A few weeks later and while we were in the process of waiting for the bank’s proposal, a debt collection agency was appointed to deal with this matter. The property was valued again and we took the opportunity that a new person was dealing with the file to explore the possibility of a full dacion en pago. We are not sure if it was pure luck or persistency (I have got the feeling that their valuation came higher than they initially thought and probably saw the potential of the property) but the debt collectors accepted the offer of a full dacion and suggested a date for the signing of the dacion. This was excellent news for the client as a full dacion consisted in handing the keys and the title to the bank in exchange of the clearance of the debt. Exactly what they wanted. The only requirement placed by the bank was that the property was transferred up to date of taxes and management fees. These were paid by the clients and we proceeded to sign the necessary deed of dacion en pago which freed the clients from this burden.

It was not the best outcome as this meant losing any investment put into the property but clients got rid of a massive debt that was affecting their finances. Furthermore, clients were aware that if they defaulted in the mortgage, the bank would repossess the property and eventually come after them in the UK for any shortfall due (and believe me there is always a shortfall). A slightly happy ending to a bad story. Obviously not all stories are like this and not all property owners want to get rid of their properties in Spain. Most prefer to keep them and enjoy them during their holidays. Others prefer to let them and wait until the market recovers. However, for those where the mortgage is a burden, there is always this possibility. It is not the panacea but it could allow a person who is struggling financially to clear some debts and start from scratch as a new person with no debts.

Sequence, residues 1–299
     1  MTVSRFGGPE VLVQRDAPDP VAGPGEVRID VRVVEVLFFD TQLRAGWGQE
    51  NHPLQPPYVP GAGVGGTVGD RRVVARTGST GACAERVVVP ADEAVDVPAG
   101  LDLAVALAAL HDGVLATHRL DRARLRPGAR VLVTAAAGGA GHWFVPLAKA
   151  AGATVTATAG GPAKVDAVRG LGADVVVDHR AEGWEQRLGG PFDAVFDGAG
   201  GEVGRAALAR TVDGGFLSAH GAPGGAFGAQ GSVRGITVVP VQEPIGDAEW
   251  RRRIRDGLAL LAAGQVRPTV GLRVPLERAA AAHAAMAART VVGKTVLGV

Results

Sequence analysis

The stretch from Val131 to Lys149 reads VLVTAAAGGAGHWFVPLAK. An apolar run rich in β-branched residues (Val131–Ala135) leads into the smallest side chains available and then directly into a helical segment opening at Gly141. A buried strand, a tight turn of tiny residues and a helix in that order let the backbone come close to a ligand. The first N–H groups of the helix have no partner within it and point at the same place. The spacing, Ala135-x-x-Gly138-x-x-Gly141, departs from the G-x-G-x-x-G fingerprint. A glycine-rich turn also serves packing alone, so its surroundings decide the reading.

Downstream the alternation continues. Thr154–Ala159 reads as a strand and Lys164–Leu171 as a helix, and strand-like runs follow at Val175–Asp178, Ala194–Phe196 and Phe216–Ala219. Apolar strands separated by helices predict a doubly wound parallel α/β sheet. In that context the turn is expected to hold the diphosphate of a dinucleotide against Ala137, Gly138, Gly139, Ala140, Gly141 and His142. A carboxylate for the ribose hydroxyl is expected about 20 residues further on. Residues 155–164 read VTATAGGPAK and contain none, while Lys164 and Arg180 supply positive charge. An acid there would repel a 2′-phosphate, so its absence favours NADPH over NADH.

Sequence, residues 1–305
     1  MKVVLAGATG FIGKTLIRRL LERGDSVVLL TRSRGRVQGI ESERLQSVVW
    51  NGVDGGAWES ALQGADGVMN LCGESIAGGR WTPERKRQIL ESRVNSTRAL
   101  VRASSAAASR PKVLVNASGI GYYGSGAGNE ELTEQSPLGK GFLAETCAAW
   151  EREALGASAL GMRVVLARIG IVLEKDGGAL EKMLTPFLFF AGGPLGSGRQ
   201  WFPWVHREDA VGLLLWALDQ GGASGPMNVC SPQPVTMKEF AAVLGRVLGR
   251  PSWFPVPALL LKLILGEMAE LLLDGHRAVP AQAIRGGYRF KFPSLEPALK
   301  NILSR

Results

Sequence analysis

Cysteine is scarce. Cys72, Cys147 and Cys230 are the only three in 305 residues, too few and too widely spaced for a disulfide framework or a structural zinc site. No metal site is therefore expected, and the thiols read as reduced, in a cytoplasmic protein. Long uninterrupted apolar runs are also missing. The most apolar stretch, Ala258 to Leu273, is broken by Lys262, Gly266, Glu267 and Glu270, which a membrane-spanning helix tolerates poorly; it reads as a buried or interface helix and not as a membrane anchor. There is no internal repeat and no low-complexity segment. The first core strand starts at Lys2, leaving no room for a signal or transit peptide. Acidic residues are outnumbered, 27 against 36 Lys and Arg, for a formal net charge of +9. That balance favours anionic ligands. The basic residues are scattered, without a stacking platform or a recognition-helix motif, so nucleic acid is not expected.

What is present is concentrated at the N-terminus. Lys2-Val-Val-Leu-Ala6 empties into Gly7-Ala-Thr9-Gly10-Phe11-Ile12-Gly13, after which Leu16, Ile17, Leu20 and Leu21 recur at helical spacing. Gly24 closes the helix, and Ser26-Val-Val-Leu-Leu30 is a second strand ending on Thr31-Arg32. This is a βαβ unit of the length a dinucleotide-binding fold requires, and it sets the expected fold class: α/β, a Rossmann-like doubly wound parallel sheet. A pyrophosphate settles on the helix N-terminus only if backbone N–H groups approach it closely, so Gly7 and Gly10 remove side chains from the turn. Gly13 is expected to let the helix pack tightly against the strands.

DEATH, BANK STATEMENTS AND TAXES IN SPAIN

When the Spanish estate is not only made of properties 

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When inheriting assets in Spain, the first thing that comes to mind is property but the truth is that assets also involve bank accounts, shares and other type of properties such as a car or even a boat.

We have written various posts about the procedure of dealing with inheriting a residential property but not enough posts on a related matter like the money in the Spanish bank. These accounts are often used to pay utility bills and taxes related to the property. However, some people who have been living in Spain for long periods of time end up, understandably, gathering important amounts of money in the bank. 

Whether you are dealing with an estate with both property and bank accounts or just a simple estate with a bank account, it will be necessary to contact the Bank in order to obtain a certificate showing the balance at the time of death. In certain regions of Spain, like the Balearic Islands, the bank will also provide you with a statement showing the transactions that took place in the 12 months before the death.

Banks generally will want to see the original death certificate, the certificate of last will and the last will of the deceased. Don’t be surprised if the bank only accepts to release information to a beneficiary or to a person that holds power of attorney from a beneficiary. This is also applicable to lawyers. Contrarily to what happens in the UK, where the solicitor’s word indicating that he/she is acting for the beneficiary or the personal representative is sufficient for the bank, the Spanish Banks will want to see a letter of authority or a power of attorney from the beneficiary to the lawyer. In certain occasions, the bank will only accept to release the information if the documentation is presented at his branch in person by the beneficiary or his lawyer! Finally, some banks will charge a fee for opening a “testamentary file” and producing the certificate, something that is clearly unfair and abusive and that should be challenged if demanded.

All the UK documentation, such as the death certificate, Grant of Probate and UK Will (if applicable) needs to be   translated by an Official Translator and legalised with The Hague Apostille to be valid in Spain.

Once the bank is informed about the deceased’s demise, the account will be frozen until the Inheritance Deed is signed and the Taxes paid. Once all this happens, the beneficiaries or the lawyer holding power of attorney will appear in person at the bank supplying the Inheritance Deed, the certification of the payment of the inheritance tax and they will sign a document agreeing the destination of the money, either transferring this directly to a UK bank account or keeping it in a Spanish account.

The above can seem complicated and the fact that each bank (and branch!) operates differently can make the whole procedure look far more complex than what it really is but in the end everything is down to providing the bank with the documentation requested and fulfilling its criteria so funds can be released as per the beneficiaries wishes.